For example, as shown in FIG. 3, a 32-kilobyte cache 301 may be divided into 128 sets (0, . . . , 127) each having eight lines. In order to break down the cache tag decoding into phases that can be accomplished within one clock cycle, cache 301 may be reorganized into eight blocks 302 (only two shown). Each nth block, or way, 302, includes the respective nth line of all sets (0, . . . , 127). That is, the zeroth way includes the 128 zeroth lines of all 128 sets (0, . . . 127); the first way includes the 128 first lines of all 128 sets (0, . . . 127); the second way includes the 128 second lines of all 128 sets (0, . . . 127); the third way includes the 128 third lines of all 128 sets (0, . . . 127); the fourth way includes the 128 fourth lines of all 128 sets (0, . . . 127); the fifth way includes the 128 fifth lines of all 128 sets (0, . . . 127); the sixth way includes the 128 sixth lines of all 128 sets (0, . . . 127); and the seventh way includes the 128 seventh lines of all 128 sets (0, . . . 127).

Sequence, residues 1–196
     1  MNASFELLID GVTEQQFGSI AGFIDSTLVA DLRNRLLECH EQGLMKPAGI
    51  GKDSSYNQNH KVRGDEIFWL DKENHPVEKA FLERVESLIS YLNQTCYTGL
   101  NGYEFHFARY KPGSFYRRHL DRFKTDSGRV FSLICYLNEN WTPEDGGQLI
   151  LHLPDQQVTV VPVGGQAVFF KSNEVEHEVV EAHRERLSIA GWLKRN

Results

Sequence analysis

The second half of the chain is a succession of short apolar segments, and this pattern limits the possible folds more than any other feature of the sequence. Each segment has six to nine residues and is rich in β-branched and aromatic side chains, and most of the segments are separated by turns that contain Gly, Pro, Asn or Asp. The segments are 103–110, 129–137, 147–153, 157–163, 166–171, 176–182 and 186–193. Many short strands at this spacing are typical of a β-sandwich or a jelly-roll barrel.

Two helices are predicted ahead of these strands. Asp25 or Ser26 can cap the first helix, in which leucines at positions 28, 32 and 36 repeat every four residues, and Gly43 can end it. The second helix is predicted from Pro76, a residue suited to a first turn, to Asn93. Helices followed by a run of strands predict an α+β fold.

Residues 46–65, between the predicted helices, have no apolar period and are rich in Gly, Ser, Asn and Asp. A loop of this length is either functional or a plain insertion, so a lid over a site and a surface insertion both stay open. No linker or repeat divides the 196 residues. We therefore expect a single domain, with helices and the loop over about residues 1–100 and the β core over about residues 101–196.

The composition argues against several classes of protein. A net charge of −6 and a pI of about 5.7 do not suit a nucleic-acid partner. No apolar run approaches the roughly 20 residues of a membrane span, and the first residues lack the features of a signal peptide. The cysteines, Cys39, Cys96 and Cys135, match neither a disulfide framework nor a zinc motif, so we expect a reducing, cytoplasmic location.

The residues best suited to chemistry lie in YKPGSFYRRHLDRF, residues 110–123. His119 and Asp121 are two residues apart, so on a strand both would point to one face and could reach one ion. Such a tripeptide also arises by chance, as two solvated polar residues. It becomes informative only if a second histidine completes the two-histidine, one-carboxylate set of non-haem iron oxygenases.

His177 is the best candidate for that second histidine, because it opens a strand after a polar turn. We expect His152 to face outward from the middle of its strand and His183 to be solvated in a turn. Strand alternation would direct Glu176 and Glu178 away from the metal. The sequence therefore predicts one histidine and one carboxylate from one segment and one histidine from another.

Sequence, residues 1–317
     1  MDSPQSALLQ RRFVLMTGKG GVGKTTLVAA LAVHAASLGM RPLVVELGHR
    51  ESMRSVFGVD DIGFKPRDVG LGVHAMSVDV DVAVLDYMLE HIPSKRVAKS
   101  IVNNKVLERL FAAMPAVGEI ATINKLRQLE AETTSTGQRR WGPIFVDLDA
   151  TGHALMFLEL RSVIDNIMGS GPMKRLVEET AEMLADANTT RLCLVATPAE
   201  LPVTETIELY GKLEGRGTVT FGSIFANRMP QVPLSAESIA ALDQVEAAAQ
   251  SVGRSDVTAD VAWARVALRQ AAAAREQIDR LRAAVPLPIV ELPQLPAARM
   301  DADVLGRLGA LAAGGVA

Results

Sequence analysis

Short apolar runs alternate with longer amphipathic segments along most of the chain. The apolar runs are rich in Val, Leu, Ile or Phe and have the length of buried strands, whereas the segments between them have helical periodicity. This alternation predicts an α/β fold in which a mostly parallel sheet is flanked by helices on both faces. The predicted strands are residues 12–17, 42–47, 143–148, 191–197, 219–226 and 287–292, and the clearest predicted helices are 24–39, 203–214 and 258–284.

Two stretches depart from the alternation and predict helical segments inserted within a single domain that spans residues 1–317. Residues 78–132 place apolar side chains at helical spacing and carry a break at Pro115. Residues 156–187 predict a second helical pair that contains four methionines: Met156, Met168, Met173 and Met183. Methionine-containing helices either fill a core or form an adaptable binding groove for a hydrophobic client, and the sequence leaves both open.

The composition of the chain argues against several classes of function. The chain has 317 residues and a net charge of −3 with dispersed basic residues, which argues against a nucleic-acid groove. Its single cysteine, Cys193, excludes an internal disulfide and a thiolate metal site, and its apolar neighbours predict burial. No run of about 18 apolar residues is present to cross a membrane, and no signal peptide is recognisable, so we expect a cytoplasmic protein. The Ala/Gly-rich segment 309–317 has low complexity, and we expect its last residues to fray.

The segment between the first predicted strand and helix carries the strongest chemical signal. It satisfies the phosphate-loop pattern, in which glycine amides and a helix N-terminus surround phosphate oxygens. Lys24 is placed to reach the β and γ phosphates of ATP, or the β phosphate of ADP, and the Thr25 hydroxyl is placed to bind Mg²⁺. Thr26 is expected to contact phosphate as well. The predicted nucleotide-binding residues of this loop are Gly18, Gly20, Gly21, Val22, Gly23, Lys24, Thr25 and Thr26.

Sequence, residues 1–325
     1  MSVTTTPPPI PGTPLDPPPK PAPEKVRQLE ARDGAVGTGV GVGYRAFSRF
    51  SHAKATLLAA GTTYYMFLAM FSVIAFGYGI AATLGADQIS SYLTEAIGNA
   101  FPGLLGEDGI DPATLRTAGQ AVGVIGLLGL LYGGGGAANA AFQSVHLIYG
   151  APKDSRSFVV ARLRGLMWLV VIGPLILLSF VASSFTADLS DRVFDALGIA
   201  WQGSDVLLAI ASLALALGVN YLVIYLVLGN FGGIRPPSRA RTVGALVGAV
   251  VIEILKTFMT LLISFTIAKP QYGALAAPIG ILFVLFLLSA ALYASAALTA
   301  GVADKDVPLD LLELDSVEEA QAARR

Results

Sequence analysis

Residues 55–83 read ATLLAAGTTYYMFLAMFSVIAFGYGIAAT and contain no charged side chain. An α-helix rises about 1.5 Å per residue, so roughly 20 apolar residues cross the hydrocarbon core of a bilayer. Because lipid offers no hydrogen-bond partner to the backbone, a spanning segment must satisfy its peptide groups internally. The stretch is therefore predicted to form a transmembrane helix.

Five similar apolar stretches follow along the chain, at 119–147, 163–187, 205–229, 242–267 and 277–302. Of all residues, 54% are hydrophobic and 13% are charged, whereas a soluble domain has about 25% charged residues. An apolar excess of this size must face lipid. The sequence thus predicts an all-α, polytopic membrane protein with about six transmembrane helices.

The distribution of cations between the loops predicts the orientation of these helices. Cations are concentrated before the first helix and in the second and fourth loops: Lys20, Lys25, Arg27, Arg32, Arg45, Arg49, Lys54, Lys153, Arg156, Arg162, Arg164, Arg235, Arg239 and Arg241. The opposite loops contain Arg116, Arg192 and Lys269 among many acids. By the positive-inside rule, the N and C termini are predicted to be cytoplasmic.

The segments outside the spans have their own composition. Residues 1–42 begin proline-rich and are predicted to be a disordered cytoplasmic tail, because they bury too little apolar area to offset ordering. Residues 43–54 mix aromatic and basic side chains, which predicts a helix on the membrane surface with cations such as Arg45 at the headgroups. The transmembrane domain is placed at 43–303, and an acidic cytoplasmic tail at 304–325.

When decoding the tag data for a cache organized as at 302, in a first clock cycle, all address data but the way selection is decoded. Thus, it is known after the first clock cycle, that the data being sought is the mth word of the nth line of one of the eight blocks 302, highlighted by cross-hatching in FIG. 3. In the following clock cycle, the way selection is decoded, indicating which of the eight blocks holds the desired data (at its mth word of its nth line, in this example).